Once a subject is photographed and the images processed, we enter the research phase. This can take no time at all or it can be a long, painful, drawn out process. For most gigs it falls somewhere between the two. Regardless, budget constraints means we often can’t commit to more than a specific amount of time or resources, overall, with which to accomplish a job. Go beyond and we have to “abandon” the project (some irony there) and move on. Fortunately, it’s uber-rare that we come up short. But, it’s the reality of what we do.
We’ve been buffaloed (to puzzle or baffle, confuse or mystify). That’s not to say the information needed is not out there, just that given what we had at our disposal, we couldn’t find it. We called around, knocked on doors, spoke with the very land owners, scoured the internet, history books, records, hours and hours of searching and came up with bupkis. No names, dates, nothing solid to tell us who lived here, who farmed here, what their story was…nothing. We couldn’t crack the case.
Still, there’s something here, in the subject we’ll present. The photos say something, even if we don’t know many specifics. And that’s worth a look.
The location is Special Area Three, a very remote and lightly populated section of Eastern Alberta. Not much out this way. One can travel long distances here and not see a single person. Stand, look around, and it’s endless fields off in every direction. Complete nothingness. Working farms? Just a couple, here and there. No vehicles were seen the entire day we explored.
There’s a house on the property, a pretty typical farm house really, quite unremarkable. We know the area was not settled until late in the 1920s. It’d be safe to assume this place is from around that time. Scattered about the property are the usual assortment of out buildings, barns, chicken coops, sheds, who knows. Some are near falling down. We have no idea when the place was abandoned. A guess, the 1950s/1960s based on what we saw lying about.
Out behind the property, blocked from view by a row of hedges, so out of sight, out of mind, is the back forty. This is the place where old metal, worn out vehicles, junk and farm machinery, goes to die. They were dragged here to be forgotten about. Most of it is bits and parts from this and that. A Post Wold War Two Chevy truck, what’s left of it, is about the only thing that can be positively identified. No doubt, it’s been here a while.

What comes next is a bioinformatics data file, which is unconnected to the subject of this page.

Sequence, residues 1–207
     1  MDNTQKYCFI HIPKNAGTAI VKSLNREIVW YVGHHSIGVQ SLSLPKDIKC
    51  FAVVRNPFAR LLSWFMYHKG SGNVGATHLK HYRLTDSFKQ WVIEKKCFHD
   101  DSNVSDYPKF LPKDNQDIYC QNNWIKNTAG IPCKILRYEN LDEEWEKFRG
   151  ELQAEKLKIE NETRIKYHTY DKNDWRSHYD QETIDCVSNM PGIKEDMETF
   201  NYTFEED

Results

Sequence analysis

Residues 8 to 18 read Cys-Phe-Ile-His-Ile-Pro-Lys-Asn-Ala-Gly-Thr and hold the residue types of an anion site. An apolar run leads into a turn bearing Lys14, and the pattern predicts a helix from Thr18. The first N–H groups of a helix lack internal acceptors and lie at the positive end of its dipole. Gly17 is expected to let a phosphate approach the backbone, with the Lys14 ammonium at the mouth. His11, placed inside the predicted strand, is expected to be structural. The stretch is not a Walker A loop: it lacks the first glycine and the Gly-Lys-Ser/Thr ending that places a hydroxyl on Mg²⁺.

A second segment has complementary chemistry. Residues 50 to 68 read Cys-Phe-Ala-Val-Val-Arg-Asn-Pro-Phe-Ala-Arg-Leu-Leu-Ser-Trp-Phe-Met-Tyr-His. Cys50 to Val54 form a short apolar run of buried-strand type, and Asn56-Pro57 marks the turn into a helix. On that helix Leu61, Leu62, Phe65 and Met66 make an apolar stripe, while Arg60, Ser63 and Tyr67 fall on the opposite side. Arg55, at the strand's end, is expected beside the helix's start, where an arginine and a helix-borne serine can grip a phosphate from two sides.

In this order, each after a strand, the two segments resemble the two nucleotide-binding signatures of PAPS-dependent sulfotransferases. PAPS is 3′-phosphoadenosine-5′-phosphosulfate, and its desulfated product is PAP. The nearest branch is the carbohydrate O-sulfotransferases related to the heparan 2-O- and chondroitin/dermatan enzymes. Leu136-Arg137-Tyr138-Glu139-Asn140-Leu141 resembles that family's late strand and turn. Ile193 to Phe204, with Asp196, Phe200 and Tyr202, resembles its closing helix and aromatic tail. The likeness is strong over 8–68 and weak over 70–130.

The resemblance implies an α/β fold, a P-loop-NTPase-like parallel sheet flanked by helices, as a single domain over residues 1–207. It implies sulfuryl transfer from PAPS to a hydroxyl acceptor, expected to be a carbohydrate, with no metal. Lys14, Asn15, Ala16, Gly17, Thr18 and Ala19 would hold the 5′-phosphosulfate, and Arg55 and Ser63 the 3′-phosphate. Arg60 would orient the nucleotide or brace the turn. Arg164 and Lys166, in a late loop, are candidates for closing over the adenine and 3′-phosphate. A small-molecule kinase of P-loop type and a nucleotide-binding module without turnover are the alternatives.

At the far end of the yard is remains of another truck. It’s crushed and bent, appearing to be be mid to late 1950s era Dodge or Fargo. Experts, please chime in. Between us and it is the carcass of a dead cow with some hungry Coyotes hanging about, precluding us from taking a closer look.
A Servel refrigerator lies in the grass. These were common in rural areas, for places “off the grid” (no electricity). They operated on propane or natural gas. Based on photo found online this one appears to be a 1940s era model. The firm was in business from the 1930s-1950s. Know of this brand, it’s the first we’ve seen in person.
A crude sign near the fence line by the road makes mentioned of a “private” school being on the property for a couple years in the late 1920s. There is an empty foundation just down from the house, which I suppose was where it stood. Makes sense and it looks about right in size. Attempts to look into provincial school records, which we have access to, turned up nothing. In fact no school of any kind comes up in the area.
Getting all we can get, we head back to the car. Then it hits us. Standing there, looking over this abandoned farm yard, we’re taken aback. There’s no sounds, but the occasional wind gust. No cars pass by. Blue skies overhead, wispy clouds, a big open sky. These old buildings and left-overs from farming, a power line and dusty back road, endless fields of grain, so many signs of civilization, but still there’s no signs of life. It’s overpowering. Hard to imagine feeling more remote or isolated. How did they handle it in the old days with no phone, no electricity and bad roads? Quiet contemplation.
But more dusty township and range roads call. Time to move on. Not all that close to this place, but by virtue of all the emptiness, its nearest neighbour, another farm in found. Here only a few sheds and a small cabin for hired hands (our guess) remain. Nothing of note really. Till we open a door. Damn! Creepy doll moment! I swear someone set that up.
If you know more about the stuff seen here and want to add to the story, comment (further down the page) or send us an email. We’d LOVE to hear from you. It’s been bugging us that we failed in finding anything here. Hate coming up empty. It’s only happened once or twice before, and we don’t like it one little bit. Please…help us feel better.
If you wish more information on what you’ve seen here, by all means contact us!
Date: October, 2016.
Location: Special Area #3, AB.
Article references (and thanks): Russel K, George H, Our hosts: Jason & Rebecca Sailer.
This site is private property. BIGDoer.com visited with permission.